The Bebop starts to head off to go cash in the bounty, but are intercepted by Gordon who demands the chip, claiming it's worthless. Jet however reveals that the chip is part of encoding program need to unlock an encryption file to launder stolen money and the I.S.S.P have been looking for it. They threaten to turn it over to the police when Gordon offers to pay for it. Jet asks for thirty million wulongs and Gordon agreeing to their demands. Meanwhile, Faye has managed to pick the lock of her handcuff and starts making her way around the ship, eating the boys' food and coming across Ein (the Welsh Corgi from the previous episode, now named here) before reaching her ship.

Outside the ships, the exchange commences with Spike donning a space suit and making his way to Gordon's ship, where one of his men likewise meets him outside the ship with a case full of wulongs. Both parties agree to swap on the count of three. However Gordon quietly orders the Bebop destroyed once they have the chip. The count is made, but Gordon's man pulls out a gun and tries to shoot Spike. However, Spike times it so the Bebop's rotating ring blocks the shot. He leaps toward the man, demagnetizes his suit and sends him flying into space, and catches the chip. However, Faye has managed to break out of the Bebop at that time and snatches the money case before flying off. Spike makes his way to the Bebop while Gordon orders his men to attack. They try shooting missiles at Faye, who send out decoys to keep them from hitting her - but one of the missiles is deflected and goes flying right into the cockpit of Gordon's ship, killing him and his crew.

Spike makes it safely back to the Bebop, but laments that Faye beat him and left him once again with nothing but a single (and now useless) poker chip. The boys return back to the casinos to spend the chip in hopes of getting lucky again. As they head in, Spike hears someone yell that the dealer's a cheater and sees a dot zoom off into the sky; at the sight, Spike just smirks.

Easy Come, Easy Go...

This episode has the following tropes:

  • A Twinkle in the Sky: Done twice and both involve Faye's ship.
  • Brick Joke: When Faye explains that a Gaojo is a person who doesn't know which way is up. Later when Spike has to make the deal he has to space walk while the Bebop and Gordon's ships are horizontal to each other. Which the camera has to flip from his point of view, indeed making it hard to tell up from down.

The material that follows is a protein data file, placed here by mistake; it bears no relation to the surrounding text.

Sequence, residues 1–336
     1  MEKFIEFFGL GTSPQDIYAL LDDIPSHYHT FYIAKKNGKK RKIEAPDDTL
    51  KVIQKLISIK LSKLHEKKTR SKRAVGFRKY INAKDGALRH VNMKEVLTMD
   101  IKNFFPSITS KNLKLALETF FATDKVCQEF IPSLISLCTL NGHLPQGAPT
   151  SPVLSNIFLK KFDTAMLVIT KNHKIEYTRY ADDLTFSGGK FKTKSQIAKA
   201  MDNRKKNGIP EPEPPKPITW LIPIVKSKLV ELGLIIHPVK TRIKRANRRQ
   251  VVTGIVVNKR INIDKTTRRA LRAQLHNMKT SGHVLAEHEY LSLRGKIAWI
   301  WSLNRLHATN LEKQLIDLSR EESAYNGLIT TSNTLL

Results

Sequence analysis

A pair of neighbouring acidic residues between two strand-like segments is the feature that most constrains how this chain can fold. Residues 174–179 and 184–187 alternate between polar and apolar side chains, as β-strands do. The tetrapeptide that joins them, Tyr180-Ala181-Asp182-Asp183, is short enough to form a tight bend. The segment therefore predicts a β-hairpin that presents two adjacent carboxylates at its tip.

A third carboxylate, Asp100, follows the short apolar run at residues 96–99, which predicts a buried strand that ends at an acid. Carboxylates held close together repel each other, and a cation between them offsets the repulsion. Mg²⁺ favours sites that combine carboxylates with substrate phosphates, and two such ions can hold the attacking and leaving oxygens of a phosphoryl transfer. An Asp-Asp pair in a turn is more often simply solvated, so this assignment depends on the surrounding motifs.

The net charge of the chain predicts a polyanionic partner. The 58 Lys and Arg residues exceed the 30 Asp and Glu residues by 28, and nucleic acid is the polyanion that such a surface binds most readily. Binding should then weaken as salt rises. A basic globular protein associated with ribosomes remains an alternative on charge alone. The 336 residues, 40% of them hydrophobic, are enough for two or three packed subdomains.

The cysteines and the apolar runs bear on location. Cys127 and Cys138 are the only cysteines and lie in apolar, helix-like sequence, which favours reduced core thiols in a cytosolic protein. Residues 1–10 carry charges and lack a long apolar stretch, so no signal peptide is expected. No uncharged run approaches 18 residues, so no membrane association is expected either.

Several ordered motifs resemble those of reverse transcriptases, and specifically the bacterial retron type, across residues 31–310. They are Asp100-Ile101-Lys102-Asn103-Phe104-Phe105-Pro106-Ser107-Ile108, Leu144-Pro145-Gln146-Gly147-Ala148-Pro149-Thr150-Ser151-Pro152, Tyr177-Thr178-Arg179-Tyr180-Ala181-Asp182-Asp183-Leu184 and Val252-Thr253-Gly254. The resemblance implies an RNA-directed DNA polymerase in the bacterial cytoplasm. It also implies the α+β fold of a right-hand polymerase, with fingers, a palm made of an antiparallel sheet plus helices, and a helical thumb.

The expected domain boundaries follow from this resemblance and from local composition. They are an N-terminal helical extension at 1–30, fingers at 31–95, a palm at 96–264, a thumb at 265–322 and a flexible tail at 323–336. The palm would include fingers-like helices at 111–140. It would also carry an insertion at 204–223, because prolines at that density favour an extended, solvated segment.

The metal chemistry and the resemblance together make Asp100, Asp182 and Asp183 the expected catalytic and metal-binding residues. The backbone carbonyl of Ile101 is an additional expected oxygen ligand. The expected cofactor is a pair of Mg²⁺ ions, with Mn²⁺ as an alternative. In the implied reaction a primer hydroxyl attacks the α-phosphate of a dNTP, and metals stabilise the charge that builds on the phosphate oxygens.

• Briefcase Full of Money: When the payoff for the chip is brought out, it's in a large metal case. Which also has a hidden compartment for a handgun.
  • The Casino: The focus of this episode.
  • Chekhov's Skill: Spike first pretends to swallow a cigarette butt and cough it back up to disgust Jet, then does to same with the chip to stymie Faye. (It's an old magician's prank; he just hides the objects under his tongue, then palms them when nobody's looking.)
  • Contrived Coincidence: Spike running into his lookalike and winding up with the poker chip Gordon wanted.
  • Eat the Evidence: In a variation, Spike doesn't pretend to eat the chip to hide wrongdoing; he does it just to annoy Faye for cheating.
  • Foreshadowing
    "You shouldn't play here, your eyes are too sharp. They'll kick us out if you win too much."
  • MacGuffin: The poker chip.
  • Macross Missile Massacre
  • Misguided Missile: The bad guy ends up being introduced to one of his own weapons.
  • Mistaken for an Imposter: Amusingly, it's the other way around; Faye mistakes Spike for another man.
  • Oh, Crap!: Gordon, when Faye redirects one of his missiles. And it heads straight at him...
  • Reverse Polarity: When Faye manages to deflect one of Gordon's missiles.
  • Technology Marches On: This time, the plot hinges on those fuzzy reception signals, as this is how Faye mistakes Spike for her contact.
  • Villainous Breakdown: Gordon gradually grows less and less sleek as the episode progresses.

How well does it match the trope?